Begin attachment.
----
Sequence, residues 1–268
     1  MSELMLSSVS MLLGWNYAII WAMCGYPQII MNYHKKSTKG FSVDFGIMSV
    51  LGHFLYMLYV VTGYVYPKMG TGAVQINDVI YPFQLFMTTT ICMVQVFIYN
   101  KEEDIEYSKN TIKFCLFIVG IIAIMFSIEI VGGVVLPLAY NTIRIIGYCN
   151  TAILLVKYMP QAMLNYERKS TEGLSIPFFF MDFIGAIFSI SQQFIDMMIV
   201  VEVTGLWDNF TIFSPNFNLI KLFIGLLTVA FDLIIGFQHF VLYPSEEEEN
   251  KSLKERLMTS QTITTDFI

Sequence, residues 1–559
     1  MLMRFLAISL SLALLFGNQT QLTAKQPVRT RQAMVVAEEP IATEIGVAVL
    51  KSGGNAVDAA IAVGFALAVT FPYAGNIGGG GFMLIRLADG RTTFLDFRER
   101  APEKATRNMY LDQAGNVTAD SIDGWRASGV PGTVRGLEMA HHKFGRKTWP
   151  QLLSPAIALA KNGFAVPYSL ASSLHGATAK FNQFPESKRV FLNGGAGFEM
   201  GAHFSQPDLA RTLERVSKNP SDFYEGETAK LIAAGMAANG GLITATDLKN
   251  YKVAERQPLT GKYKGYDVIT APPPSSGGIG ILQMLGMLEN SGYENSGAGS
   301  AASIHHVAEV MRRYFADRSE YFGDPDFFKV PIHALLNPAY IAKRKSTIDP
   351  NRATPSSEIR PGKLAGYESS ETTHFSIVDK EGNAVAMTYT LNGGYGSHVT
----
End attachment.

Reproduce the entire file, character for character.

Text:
Sequence, residues 1–268
     1  MSELMLSSVS MLLGWNYAII WAMCGYPQII MNYHKKSTKG FSVDFGIMSV
    51  LGHFLYMLYV VTGYVYPKMG TGAVQINDVI YPFQLFMTTT ICMVQVFIYN
   101  KEEDIEYSKN TIKFCLFIVG IIAIMFSIEI VGGVVLPLAY NTIRIIGYCN
   151  TAILLVKYMP QAMLNYERKS TEGLSIPFFF MDFIGAIFSI SQQFIDMMIV
   201  VEVTGLWDNF TIFSPNFNLI KLFIGLLTVA FDLIIGFQHF VLYPSEEEEN
   251  KSLKERLMTS QTITTDFI

Sequence, residues 1–559
     1  MLMRFLAISL SLALLFGNQT QLTAKQPVRT RQAMVVAEEP IATEIGVAVL
    51  KSGGNAVDAA IAVGFALAVT FPYAGNIGGG GFMLIRLADG RTTFLDFRER
   101  APEKATRNMY LDQAGNVTAD SIDGWRASGV PGTVRGLEMA HHKFGRKTWP
   151  QLLSPAIALA KNGFAVPYSL ASSLHGATAK FNQFPESKRV FLNGGAGFEM
   201  GAHFSQPDLA RTLERVSKNP SDFYEGETAK LIAAGMAANG GLITATDLKN
   251  YKVAERQPLT GKYKGYDVIT APPPSSGGIG ILQMLGMLEN SGYENSGAGS
   301  AASIHHVAEV MRRYFADRSE YFGDPDFFKV PIHALLNPAY IAKRKSTIDP
   351  NRATPSSEIR PGKLAGYESS ETTHFSIVDK EGNAVAMTYT LNGGYGSHVT